A Series Of Sneaks is probably my favourite Spoon album, and considering how much I love Gimme Fiction, Ga Ga Ga Ga Ga, and Kill The Moonlight, that's pretty high praise.
On their debut album, Telephono, Spoon basically sounded like a cross between Wire and Pixies, with an adenoidal Texan singing. It was alright, but the Soft Effects EP a year later started throwing in what makes Spoon genius; killer riffs and rhythms, and hook after hook after hook, meaning it didn't sound so much like Wire or Pixies, but rather it sounded like Spoon.
Spoon aren't your common-or-garden indie band, you see; they're more like The Neptunes or Can in that it's all about minimalism, grooves, unexpected turns, and changing-but-never-changing riffs, except instead of hip-hop or krautrock they play indie garage rock. Simple.
A Series Of Sneaks is a series of short, sharp songs played on guitar, bass, and drums, and then embellished with radio noise, weird keyboard textures, and a host of other effects, including Britt Daniel's compelling whoops of "c'mon" and "oh yeah" and so on, which may seem cheesy when written down but when yelped by Daniel somehow become the very platonic essence of why rock n roll is fun.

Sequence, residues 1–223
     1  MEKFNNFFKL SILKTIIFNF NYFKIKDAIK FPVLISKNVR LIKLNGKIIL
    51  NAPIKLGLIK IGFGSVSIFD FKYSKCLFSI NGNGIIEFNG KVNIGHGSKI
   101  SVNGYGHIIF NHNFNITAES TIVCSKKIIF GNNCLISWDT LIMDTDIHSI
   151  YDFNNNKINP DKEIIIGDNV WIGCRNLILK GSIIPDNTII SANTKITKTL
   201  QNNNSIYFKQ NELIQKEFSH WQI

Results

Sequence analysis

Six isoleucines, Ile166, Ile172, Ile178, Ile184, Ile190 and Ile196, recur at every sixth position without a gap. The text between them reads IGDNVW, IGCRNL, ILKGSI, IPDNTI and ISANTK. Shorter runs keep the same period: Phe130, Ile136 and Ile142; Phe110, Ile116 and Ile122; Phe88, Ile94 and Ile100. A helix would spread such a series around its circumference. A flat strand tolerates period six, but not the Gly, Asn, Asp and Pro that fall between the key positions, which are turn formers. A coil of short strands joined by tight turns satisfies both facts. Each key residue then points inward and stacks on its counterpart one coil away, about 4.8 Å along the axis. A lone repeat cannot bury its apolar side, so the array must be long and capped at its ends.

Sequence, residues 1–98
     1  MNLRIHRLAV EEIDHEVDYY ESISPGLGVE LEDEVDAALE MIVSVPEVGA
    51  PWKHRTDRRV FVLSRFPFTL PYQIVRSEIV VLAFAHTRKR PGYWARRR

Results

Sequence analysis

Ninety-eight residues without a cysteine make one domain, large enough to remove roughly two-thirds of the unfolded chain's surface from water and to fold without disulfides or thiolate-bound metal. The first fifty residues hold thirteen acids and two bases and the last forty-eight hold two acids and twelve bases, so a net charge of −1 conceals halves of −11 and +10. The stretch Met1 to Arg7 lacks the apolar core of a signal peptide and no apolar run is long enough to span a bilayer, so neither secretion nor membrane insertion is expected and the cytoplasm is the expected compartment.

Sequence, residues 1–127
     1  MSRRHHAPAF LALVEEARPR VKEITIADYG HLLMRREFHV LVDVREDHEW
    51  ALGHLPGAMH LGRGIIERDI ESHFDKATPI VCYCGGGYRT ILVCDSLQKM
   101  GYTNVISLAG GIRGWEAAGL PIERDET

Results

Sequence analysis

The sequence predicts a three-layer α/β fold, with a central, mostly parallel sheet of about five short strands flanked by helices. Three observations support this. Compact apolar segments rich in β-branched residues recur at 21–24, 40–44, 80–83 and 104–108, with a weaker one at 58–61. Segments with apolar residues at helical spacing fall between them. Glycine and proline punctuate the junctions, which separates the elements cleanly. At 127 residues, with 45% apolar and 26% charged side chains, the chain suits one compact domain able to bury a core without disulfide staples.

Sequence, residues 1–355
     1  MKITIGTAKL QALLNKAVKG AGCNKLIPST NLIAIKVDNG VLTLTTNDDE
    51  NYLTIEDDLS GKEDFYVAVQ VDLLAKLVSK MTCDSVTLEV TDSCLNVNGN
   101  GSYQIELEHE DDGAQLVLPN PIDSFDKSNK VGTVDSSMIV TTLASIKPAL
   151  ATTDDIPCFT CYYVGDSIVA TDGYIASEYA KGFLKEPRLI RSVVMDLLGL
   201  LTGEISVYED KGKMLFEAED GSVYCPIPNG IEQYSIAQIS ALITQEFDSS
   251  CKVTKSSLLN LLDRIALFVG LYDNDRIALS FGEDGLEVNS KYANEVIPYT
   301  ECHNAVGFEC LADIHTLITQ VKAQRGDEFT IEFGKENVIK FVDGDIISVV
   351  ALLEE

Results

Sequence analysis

Every track has multiple sonic and structural delights, from the weird filigree around the edges of Utilitarian, the two-kit drum fills of Reservations, the razor stop-start riffs of Car Radio, the weird electric drones of Metal Detektor, and the handclaps of No You're Not. Advance Cassette is the closest thing to a ballad here, only it's a; not a ballad at all, and b; about losing an advance cassette of your favourite band. Somehow, it's more melancholy than most bands' heartfelt paeans to lost lovers.
This version appends 3 b-sides to the originally 14-track album, but Revenge, Shake It Off, and I Could Be Underground are all of excellent quality and fit in stylistically, so you'd never think they shouldn't be there.